Develop a floor safety program to prevent slips, trips, and falls
Develop a floor safety program to prevent slips, trips, and falls.
When it comes to floor safety standards, fall in line or risk falling from grace. Prevention is essential with slips, trips, and falls. Having protocol and products in compliance will safeguard against costly claims.
The American National Standards Institute (ANSI) appointed the National Floor Safety Institute (NFSI) to author floor safety standards in 2006, and although they are technically voluntary, many consultants and expert witnesses rely on them as a key resource in court claims.
“We’re not really talking about suggestions,” says Russell Kendzior, president of NFSI, adding that the ANSI/NFSI standards may become mandated by the Occupational Healthy and Safety Administration (OSHA) in the August revision of its regulations. “If you don’t comply and you happen to get sued, then your goose is cooked.”
Kendzior has acted as an expert witness for some 500 slip, trip, and fall cases. In one Dallas case the plaintiff was awarded over $4 million by the defendant, Minyard Food Stores Inc., which was not in compliance and subsequently went bankrupt. Here’s how you can avoid a horror story like that one.
Start with Standards
Beware of eco-friendly labels and focus on performance, says Claudia Lezell, hard surface division chair of the Institute of Inspection Cleaning and Restoration Certification, a non-profit organization that has developed standards in conjunction with ANSI and NFSI.
“With green and LEED certification, there’s been some debasing of standards, unfortunately. Not all of the products that earn points give the best results,” Lezell says. “There’s just not a one size fits all. You’re usually not slipping because of the floor, but a coating or cleaner on it.”
The ANSI/NFSI standards cover everything from flooring materials and auto-scrubbers to cleaning chemicals and mats. NFSI also certifies independent auditors and technicians. Using approved products and procedures will protect you (see sidebar for more details).
“Owners have an obligation to safeguard their environment, and these standards cover you in the event of an accident,” says Kendzior. “Slips and falls aren’t scams – the issue is real. You have to comply.”PageBreak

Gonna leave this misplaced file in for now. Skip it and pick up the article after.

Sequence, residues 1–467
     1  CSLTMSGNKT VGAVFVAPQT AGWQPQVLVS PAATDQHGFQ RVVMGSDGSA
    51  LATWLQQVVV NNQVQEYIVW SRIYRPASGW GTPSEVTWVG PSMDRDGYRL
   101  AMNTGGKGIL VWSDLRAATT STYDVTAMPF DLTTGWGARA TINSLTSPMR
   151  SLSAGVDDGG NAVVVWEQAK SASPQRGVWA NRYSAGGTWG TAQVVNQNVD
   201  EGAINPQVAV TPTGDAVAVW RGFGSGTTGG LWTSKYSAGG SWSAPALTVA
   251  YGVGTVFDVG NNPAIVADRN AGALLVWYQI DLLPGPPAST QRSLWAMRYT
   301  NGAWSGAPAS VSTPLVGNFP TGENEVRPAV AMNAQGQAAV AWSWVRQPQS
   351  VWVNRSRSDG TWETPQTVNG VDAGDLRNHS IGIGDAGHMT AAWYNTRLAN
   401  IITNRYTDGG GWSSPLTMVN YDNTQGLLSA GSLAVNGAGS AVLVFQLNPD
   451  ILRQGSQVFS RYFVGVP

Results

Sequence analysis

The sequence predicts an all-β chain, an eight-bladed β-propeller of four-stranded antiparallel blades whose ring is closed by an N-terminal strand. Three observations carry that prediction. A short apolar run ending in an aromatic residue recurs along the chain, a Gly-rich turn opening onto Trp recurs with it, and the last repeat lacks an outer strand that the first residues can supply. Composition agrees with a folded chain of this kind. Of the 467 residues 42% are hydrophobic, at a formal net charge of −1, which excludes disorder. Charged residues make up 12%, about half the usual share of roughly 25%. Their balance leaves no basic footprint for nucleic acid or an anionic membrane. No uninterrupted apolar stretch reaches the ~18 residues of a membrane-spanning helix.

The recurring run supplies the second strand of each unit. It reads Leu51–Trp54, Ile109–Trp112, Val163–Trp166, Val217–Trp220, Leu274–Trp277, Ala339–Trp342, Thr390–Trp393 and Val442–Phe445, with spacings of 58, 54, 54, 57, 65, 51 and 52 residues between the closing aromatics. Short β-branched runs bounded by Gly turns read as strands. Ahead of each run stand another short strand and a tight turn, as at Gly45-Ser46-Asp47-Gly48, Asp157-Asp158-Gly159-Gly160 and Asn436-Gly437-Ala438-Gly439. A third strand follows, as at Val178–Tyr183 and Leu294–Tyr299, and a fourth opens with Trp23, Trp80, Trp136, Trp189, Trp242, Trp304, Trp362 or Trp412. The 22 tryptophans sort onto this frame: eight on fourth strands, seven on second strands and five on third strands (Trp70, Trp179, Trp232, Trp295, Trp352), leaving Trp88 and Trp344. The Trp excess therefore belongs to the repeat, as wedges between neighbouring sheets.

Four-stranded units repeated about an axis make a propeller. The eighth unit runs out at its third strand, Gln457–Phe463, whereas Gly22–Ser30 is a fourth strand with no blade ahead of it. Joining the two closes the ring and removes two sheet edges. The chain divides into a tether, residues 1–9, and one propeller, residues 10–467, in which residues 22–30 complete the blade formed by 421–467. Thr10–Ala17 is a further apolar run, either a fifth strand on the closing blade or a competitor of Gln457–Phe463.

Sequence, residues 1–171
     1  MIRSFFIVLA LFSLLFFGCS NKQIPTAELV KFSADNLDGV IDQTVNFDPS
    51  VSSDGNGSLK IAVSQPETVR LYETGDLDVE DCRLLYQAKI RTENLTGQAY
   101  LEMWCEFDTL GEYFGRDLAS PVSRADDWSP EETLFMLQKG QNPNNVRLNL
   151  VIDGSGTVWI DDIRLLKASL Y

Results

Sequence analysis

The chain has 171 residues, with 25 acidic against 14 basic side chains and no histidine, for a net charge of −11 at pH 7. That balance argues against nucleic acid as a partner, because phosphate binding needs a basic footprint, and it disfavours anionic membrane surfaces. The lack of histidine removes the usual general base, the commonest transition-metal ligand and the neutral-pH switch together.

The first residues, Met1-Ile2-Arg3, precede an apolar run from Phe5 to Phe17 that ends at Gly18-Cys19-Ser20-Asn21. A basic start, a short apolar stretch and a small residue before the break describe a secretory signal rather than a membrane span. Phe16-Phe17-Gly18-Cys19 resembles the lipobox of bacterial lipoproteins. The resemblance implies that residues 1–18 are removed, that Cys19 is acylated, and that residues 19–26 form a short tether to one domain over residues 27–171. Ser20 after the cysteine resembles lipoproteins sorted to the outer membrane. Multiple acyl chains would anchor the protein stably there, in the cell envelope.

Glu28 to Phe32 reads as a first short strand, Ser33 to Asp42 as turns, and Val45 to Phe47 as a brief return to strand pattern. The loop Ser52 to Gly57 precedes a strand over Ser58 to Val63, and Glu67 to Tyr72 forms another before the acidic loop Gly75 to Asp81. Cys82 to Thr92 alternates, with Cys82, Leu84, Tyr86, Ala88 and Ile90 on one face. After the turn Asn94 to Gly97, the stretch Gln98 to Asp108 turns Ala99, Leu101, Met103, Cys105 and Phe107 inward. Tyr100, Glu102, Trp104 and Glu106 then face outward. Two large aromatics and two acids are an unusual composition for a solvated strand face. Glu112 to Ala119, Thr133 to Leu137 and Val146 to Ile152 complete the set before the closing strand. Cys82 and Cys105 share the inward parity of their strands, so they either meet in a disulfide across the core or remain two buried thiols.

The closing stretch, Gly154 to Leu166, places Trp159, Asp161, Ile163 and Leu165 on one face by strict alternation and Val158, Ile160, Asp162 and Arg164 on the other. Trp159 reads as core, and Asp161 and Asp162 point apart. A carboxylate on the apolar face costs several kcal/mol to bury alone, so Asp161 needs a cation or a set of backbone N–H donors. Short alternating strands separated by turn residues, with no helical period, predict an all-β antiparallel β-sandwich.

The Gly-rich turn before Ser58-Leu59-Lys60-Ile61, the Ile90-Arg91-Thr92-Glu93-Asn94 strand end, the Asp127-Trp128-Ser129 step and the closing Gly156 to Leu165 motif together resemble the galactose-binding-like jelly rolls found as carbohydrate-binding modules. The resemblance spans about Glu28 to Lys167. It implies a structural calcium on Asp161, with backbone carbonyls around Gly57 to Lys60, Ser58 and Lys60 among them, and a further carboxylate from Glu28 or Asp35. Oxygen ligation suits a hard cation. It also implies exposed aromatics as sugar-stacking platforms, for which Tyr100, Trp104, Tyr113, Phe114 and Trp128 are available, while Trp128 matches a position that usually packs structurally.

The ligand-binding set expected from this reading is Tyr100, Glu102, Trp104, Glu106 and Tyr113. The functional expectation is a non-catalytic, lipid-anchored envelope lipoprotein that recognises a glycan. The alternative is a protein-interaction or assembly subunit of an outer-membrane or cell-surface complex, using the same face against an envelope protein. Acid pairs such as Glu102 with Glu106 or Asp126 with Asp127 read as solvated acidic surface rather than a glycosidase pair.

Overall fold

Prepare a Protocol
Everything starts with the specification, says Lezell.
“Sales reps are more interested in getting a product specified than getting it to perform, but approved cleaning protocol should be written into the spec,” she adds. “Put people on the spot. If they want their product sold, they need to tell you how it’s maintained. When a floor gets installed, an FM should get with the technicians and walk through step by step and learn the info without the sales pitch.”
The next step is establishing a cleaning schedule in terms of traffic flow and periodic maintenance vs. daily attention, Lezell says.
Zoning is also a helpful concept, adds David Collette, director of food service for Cintas Corporation, a service provider and manufacturer. “Identify zones like outside, entry, restroom, and common areas. Thinking in those terms helps you know what soils are present,” he says.
Simply changing your cleaning process might also make significant improvements.
“People think swishing a mop around is natural, but they don’t really know how to do it. It’s like brushing your teeth or doing laundry. You need solvent, a chemical, and agitation,” Collette says. “If you don’t do it properly, you’re just spreading dirt.”
Collette suggests a two-sided bucket for wringing dirty liquid. A distinction between wet and damp mopping is also necessary.
“Most people dip a mop in the bucket, wring it out, and then swish, but then you’ve wrung out the good stuff,” he explains. “If you’re picking up a spill, damp mopping is fine, but if you’re cleaning, you need the chemical to do its job.”
Documentation and follow-up is the last item. “A simple metric is a chart in restrooms where someone signs their initials. You need verification to make sure it’s working,” Collette says. “Periodic monitoring should be done by inspectors, just like with food safety. That’s the next step: involving OSHA and getting regulations in place.”
Audits and Avoidance
Materials perform under perfect conditions, but you can’t take the lab out into the field. “As an expert witness, I’m always showing people how something fails even if you think you’re doing everything by the books,” Lezell says.
Certified independent auditors can come to your building and identify problem spots for a fraction of the cost of a claim. An inspection for a grocery store might cost $5,000, Kendzior estimates.
“Tests can be done to show if your materials and products produce high, moderate, or low traction based on the coefficient of friction,” he adds. “If you’re in moderate or low, do something. And a lot of the times it’s very modest. Just change your cleaning procedures or adopt a new product line. It’s not like you have to chisel up your floor.”
Insurance companies are already telling their clients to get in compliance and some even reduce premiums if you have a safe environment, Kendzior adds.
“But if you have an event, your insurance will drop you or your premiums could double, triple, or quadruple,” he says. “Failure to know these standards is not a defense.”
Chris Curtland email@example.com is assistant editor of BUILDINGS.